Gordon Campbell Reviews The PM’s Presser July 28July 29th, 2008
Late on Monday July 29th, means that its time for the Prime Minister’s weekly post Cabinet press conference. How late the conference is scheduled is in itself a vehicle for spin conjecture. If it comes early (3:30 to 4 ish ) this is taken to mean that it’s a Good News Day, timed for optimum coverage on the nightly television bulletins. Late, and the reverse reading applies. Today, in the depths of l’affaire Peters, the 5:30pm start is assumed to be a form of damage control.
But perhaps not. When the Prime Minister finally shows up at
5:35pm, she attributes the lateness of the hour to her flight back from the Local Government conference in Rotorua. Conspiracy theorists may be reduced to gleaning what they can from her decision today to wear a white double breasted jacket. A palpable echo of Winston, yet at an inverse distance ? Yes, of course. .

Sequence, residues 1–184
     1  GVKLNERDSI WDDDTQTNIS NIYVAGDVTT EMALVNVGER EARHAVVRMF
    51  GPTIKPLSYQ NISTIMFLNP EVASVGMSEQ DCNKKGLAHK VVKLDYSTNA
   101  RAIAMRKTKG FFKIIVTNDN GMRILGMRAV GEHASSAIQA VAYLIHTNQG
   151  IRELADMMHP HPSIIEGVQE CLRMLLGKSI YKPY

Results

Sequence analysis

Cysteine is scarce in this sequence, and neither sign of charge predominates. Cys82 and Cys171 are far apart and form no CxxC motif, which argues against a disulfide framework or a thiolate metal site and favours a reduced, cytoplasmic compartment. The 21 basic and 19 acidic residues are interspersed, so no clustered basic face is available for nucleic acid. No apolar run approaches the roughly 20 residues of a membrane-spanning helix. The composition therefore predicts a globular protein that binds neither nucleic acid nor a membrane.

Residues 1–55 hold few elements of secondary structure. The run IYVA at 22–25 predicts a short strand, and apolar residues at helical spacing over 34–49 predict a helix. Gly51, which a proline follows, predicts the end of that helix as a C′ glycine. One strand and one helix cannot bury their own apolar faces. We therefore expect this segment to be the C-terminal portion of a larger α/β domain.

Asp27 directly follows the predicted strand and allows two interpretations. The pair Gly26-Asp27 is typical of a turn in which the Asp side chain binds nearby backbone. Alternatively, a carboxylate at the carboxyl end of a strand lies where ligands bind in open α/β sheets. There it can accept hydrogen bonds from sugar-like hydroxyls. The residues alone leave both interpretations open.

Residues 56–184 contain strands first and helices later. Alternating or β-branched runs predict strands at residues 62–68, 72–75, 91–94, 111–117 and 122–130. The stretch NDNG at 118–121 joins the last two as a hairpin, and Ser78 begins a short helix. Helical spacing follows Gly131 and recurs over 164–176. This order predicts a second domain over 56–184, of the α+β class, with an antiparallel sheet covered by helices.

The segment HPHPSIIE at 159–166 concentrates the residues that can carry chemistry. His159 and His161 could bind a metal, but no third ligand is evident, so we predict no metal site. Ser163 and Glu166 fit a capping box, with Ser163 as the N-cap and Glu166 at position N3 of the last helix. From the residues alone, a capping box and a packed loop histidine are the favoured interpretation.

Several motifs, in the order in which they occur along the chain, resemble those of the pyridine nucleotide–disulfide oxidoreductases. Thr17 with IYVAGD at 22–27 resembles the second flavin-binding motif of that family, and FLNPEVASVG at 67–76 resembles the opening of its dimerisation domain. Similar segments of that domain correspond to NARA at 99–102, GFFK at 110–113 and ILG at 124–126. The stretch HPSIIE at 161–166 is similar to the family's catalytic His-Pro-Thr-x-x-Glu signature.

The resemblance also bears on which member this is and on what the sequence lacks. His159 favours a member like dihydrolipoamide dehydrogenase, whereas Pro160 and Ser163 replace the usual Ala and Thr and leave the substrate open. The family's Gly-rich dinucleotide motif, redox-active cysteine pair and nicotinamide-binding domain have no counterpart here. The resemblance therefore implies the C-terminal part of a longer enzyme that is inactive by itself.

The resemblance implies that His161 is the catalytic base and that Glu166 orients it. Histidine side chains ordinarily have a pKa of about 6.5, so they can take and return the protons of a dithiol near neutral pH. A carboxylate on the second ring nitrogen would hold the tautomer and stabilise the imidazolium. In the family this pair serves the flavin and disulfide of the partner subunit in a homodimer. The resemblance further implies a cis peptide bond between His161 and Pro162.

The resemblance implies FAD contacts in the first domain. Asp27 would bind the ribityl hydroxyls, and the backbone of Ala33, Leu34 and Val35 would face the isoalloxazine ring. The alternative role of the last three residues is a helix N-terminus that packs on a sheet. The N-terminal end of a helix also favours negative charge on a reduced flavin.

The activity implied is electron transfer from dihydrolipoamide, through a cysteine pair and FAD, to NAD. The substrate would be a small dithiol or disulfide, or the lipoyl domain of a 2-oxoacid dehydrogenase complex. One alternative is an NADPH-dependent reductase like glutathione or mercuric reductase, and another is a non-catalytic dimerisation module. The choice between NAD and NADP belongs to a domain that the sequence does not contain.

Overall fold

Before Clark gets to taking questions, there is the ritual of the Cabinet business of the day. Usually, this entails the PM racing through a laundry list of unrelentingly tedious bits of business. A sample from today’s list : the orders in council bringing the China/NZ FTA into force on October 1st have been approved.
An increasingly rare parliamentary item : a Bill for introduction called the Trade Safeguard Measures Bill in the name of the Minister of Commerce, will tie up some ends regarding our compliance with WTO rules, Thank goodness, a double tax agreement with the Czech Republic has been finalized and sent off to the Executive Council. An existing double tax with Britain has been renewed.